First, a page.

Monday, March 12, 2007

"Toy" Cameras

To camera enthusiasts there's a subgroup that enjoys a considerable following on the web: so-called "toy" or "junk" cameras. These are usually poorly made, mass produced cameras, sometimes intended for children, but typically either sold to unsuspecting consumers lured by pretty plastic or given away as cheap carnival prizes. The most obvious example of this group is the "Diana" and its numerous manifestations. Some enthusiasts will also toss in the Holga as a signature model. (For a more thorough and humorous discussion of these cameras and their artistic utility, check out or Regardless of origin, most can be classified according to several common variables, including, but not limited to: crappy (usually plastic) optics, light leaks, lens flare, and cheap price (usually less than $20). And while most people have no use for these cameras - particularly as the tide of digital photography advances - there is a devoted following that sees the toy camera as a tool for artistic expression. As notes: "Toy camera photographers are rebels who want to prove that you can make a silk purse out of a sow's ear."

Sure, I love a beautifully rendered photograph that's a product of a keen eye and excellent glass. Perusing a compendium of Edward Steichen photos the other night (I've posted one of his classic Flatiron Building shots.) I marveled at the velvety texture of his black and white images. And I'd love to drop several thousand dollars on a new Leica. But there's also considerable beauty in the fuzzy image rendered by a Holga. Toss in some lens flare and contracted depth of field, and your photo could resemble the efforts of the earliest photography pioneers - without the caustic chemicals and protracted exposure times. Daguerre and Fox Talbot would laud your efforts.

Until now, the "toy" camera genre has focused on film-based images. Yet it should come as no surprise that the same mindset which inspired film-based "toy" cameras has brought us "toy" digital cameras. Go to any Wal-Mart or "dollar store" and you'll see them: cheap digital cameras, some with recognizable names like Vivitar, promising fantastic results and a whopping 1 to 2 megapixels . . . joined to the same craptacular optics that anchor the original "toy" camera group. Snap away! Drop the images onto your hard drive, crop your image into a square format, and voila! . . . an image to make a Holga enthusiast proud.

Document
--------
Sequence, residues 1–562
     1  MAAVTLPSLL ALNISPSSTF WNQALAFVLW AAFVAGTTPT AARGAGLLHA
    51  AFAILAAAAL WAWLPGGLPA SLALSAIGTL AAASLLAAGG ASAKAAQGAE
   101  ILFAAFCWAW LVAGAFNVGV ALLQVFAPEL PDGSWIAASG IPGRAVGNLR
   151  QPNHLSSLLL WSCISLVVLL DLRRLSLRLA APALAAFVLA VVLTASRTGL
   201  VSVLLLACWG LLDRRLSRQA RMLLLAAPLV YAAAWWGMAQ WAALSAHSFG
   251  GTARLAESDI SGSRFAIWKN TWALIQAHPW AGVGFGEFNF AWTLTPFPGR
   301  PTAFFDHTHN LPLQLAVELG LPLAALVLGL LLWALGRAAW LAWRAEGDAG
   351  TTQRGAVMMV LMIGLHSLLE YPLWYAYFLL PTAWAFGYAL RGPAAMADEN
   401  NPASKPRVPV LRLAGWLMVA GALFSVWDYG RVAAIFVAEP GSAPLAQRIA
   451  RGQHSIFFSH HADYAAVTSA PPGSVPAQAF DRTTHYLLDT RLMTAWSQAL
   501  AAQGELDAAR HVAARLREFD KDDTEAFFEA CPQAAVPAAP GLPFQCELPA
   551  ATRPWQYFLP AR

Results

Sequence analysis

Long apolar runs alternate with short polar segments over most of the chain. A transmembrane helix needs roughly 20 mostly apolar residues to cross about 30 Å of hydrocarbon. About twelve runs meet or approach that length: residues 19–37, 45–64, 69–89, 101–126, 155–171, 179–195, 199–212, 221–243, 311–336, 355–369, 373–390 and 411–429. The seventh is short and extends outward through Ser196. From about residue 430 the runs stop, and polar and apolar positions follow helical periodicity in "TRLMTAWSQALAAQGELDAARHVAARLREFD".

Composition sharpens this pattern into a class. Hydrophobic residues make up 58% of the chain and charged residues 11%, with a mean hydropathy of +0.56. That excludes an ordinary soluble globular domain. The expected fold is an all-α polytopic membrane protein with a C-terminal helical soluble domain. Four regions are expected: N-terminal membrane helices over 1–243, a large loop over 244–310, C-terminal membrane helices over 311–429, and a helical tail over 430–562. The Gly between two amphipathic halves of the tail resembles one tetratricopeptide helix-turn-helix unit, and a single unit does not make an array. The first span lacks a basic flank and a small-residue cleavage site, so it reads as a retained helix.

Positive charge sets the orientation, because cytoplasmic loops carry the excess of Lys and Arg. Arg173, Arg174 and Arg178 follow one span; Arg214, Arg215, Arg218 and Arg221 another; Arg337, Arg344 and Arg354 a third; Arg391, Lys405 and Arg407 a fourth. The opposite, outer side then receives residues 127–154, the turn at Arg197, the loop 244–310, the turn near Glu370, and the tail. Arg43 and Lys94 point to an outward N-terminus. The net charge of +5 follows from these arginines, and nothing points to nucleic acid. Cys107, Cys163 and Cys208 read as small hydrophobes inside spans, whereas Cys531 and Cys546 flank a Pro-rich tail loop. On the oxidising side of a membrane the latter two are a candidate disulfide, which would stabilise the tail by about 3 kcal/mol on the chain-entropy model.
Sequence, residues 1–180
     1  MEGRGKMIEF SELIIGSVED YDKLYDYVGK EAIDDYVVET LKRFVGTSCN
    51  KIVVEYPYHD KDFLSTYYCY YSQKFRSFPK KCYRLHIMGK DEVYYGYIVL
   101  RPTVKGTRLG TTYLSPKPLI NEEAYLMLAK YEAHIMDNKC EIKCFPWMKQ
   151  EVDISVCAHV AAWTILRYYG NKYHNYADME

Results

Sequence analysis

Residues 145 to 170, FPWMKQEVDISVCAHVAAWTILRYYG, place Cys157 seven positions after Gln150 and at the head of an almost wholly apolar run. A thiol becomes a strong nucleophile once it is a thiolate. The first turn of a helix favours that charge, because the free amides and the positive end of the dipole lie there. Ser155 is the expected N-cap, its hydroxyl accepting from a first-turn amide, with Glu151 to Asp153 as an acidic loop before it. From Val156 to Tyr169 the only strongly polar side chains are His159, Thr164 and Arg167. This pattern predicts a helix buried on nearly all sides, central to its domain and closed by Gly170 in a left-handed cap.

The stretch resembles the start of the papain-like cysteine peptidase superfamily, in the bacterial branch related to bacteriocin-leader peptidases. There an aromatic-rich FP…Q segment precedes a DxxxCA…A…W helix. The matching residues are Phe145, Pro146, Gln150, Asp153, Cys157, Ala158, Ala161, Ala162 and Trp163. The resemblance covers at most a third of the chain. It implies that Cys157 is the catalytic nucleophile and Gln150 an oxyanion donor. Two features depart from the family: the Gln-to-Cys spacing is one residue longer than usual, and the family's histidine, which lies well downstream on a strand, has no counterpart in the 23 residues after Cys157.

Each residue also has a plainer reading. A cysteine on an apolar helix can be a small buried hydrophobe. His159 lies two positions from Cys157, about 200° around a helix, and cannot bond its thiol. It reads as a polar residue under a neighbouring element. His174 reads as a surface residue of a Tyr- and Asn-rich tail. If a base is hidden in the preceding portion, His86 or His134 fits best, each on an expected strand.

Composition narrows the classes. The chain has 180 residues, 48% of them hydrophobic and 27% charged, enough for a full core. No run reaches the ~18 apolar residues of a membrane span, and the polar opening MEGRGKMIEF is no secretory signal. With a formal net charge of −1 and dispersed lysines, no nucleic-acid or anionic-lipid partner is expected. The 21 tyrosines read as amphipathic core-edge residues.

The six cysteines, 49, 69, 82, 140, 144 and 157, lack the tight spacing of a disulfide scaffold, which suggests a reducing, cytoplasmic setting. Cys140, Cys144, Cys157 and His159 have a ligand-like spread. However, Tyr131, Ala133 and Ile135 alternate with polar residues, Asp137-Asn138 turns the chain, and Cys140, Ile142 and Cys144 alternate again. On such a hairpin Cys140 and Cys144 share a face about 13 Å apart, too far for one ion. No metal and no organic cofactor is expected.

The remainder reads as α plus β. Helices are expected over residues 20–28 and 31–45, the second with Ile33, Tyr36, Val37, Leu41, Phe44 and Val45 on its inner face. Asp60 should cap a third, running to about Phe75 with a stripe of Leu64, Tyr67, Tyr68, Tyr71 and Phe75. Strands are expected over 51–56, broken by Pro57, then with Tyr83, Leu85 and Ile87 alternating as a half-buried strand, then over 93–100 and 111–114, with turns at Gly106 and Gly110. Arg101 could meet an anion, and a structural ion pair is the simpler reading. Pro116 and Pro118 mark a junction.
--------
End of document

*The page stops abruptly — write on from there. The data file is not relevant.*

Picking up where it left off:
Well, obviously this is leading to something . . . I finally broke down and used a "toy" digital camera that we had lying about at home . . . a tiny Vivitar that takes beautifully hazy images complete with flare. Sadly, there are no light leaks since it's digital. The two images I've posted here represent the best of about a dozen. While snapping these I was also trying out some b&w film in a 1950s Argus C3 "Brick" - one of the ubiquitous cameras of that period, more recently featured in a Harry Potter film in which a C3 is used by a reporter for the school paper. (No doubt Argus enthusiasts, legion in the eccentric world of cheap camera collecting, uttered gasps of rhapsodic recognition at a moment in the film which must have puzzled their fellow moviegoers.) When I have those photos developed, I'll post a couple of the better ones for comparison. These were taken at a playground in the West Village which abuts a large warehouse-like building on Horatio Street. The trees form line at the back of the playground and without their leaves sit starkly against the large expanse of concrete and brick. I'll be curious to see how this looks when the trees leaf out in April. Hmmmm, perhaps some color "toy" camera photos? I'm actually happy with these images, like the contrast and the trees' shadows on the wall. (And as always, one can click on each image for a larger version . . . if one feels compelled to enlarge the imperfections and blur.

Who knows, I may actually have to go out and get that Holga after all. I shoot a lots of 120 film on vintage cameras with good optics, so it would be fun to see first hand how that medium format translates. Again, check out the links I provided; they're informative and entertaining, particularly the Junk Store camera page.


One Wink at a Time said...

Sadly, a portion of this post has gone over my head. Mostly because, despite taking a Photography course in art school and spending more on cameras and equipment than my experience would merit, I know nothing of the finer points of the art of Photography. But I know I can rely on you if I need to??? You got me looking at the stained glass windows and wondering what they would look like in watercolor. I think I like the idea. One more thing to go in my file titled "Things I Wanna Do When I Find the Time".

BD said...

You should really be getting into the Bondtography with that...